In addition to documenting issues of local, national, and international significance, the press releases are also a great resource for tracking federal funding for Hawaiʻi in sectors such as defense, agriculture, natural resource management, education, healthcare, social services, transportation, shipping, infrastructure, arts and culture, and more.

Below is a selection of press releases from the collection:

One of the most compelling aspects of this collection is its chronological scope. The period between 1963 and 2012 saw tremendous transformation in Hawaiʻi, the nation, and the world. Senator Inouye’s press releases accordingly reflect hope, resolve, disquiet, sometimes frustration–but never despair. The Senator’s commitment to bipartisanship and belief in democracy through these many years are reassuring reminders, especially in these last years when so much has seemed uncertain.

Mahalo to the Daniel K. Inouye Institute and to the library’s current DKI project team: Donovan Balderama, Daniel Ishimitsu, Alisa Kwok, Wen Lin, Jill Seapker, and Dawn Sueoka. 

This effort is part of an ongoing initiative, supported by the Daniel K. Inouye Institute, to digitize portions of the Senator’s archives. In the next few years, we will add to our digital collections Senator Inouye’s newsletters, all of his speeches, and records from the Senator’s years in the U.S. House (1959-1963), which document Hawaiʻi’s transition to statehood.

How to access the press releases

The best way to access the press releases and other digitized material from the Senator Daniel K. Inouye Papers is through the collectionʻs online finding aid. Archival finding aids provide contextual information about a collection and its major “series” (large categories of documents), as well as a hierarchical listing of the collectionʻs contents. The Inouye collection is organized according to the functions of the Senator’s Washington, D.C., and Honolulu offices.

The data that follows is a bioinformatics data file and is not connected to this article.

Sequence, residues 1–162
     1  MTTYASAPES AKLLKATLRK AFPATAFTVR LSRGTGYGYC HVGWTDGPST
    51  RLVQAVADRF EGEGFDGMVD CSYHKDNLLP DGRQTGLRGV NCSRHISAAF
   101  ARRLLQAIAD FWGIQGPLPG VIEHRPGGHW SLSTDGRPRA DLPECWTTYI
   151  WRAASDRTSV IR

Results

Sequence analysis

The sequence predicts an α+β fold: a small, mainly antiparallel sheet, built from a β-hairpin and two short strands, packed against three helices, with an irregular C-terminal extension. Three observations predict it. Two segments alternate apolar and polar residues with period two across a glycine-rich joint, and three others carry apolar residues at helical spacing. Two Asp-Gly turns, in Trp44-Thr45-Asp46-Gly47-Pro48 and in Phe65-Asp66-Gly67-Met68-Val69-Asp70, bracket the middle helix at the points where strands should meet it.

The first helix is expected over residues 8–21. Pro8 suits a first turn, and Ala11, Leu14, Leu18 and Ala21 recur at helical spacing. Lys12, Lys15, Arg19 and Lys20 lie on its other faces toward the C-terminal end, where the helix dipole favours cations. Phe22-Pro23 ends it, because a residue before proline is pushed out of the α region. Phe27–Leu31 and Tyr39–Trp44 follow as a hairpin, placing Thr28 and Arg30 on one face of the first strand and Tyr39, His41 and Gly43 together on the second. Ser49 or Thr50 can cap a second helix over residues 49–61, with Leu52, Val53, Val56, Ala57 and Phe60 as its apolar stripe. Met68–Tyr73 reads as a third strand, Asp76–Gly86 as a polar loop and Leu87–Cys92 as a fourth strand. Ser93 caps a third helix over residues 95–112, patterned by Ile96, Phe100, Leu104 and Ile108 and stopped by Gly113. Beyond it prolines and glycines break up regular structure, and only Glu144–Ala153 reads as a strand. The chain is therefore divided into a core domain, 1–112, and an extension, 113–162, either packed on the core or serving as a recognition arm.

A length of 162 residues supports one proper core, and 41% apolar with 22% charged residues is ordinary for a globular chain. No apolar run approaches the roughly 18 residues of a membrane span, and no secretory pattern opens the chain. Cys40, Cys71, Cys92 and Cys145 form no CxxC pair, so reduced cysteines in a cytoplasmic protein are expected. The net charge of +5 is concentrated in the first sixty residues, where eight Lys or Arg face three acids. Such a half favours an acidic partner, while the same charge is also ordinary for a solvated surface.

Navigate the collection by exploring the nested list on the right side of the interface. Digitized files will appear as icons in red. Chronological press releases can be found within the Administrative files series; Washington, D.C. office subseries; Public Relations sub-subseries.

Senator Daniel K. Inouye Papers finding aid in ArchivesSpace, showing link to digitized folder.

You can download all press releases at once using the link at the top of this page.

A note on the preparation of the files

In the preparation of these documents, emphasis was placed on enabling researchers to reliably search the content of the press releases themselves. 

Material was digitized at 400 PPI in 24-bit color.

In preparation for OCR correction, PDFs created before September 2022 include image preprocessing such as text straightening and page rotation by ABBYY FineReader. PDFs created after September 2022 have these features turned off.

Document zoning was manually corrected using ABBYY FineReader.

All text was recognized using ABBYY FineReader.

OCR was manually corrected using the ABBYY FineReader Verification function, except in the following cases: 

  • Non-press release material included as attachments, e.g., Congressional Record remarks, newspaper clippings, correspondence, forms was not corrected
  • Text in document headers, footers (e.g., fax transmittal information) was not corrected
  • 1963-1964 folders where pages were too faded or carbon copy text was too blurry to produce editable OCR were not corrected

Introducing Jin Park

Yeajin (Jin) Park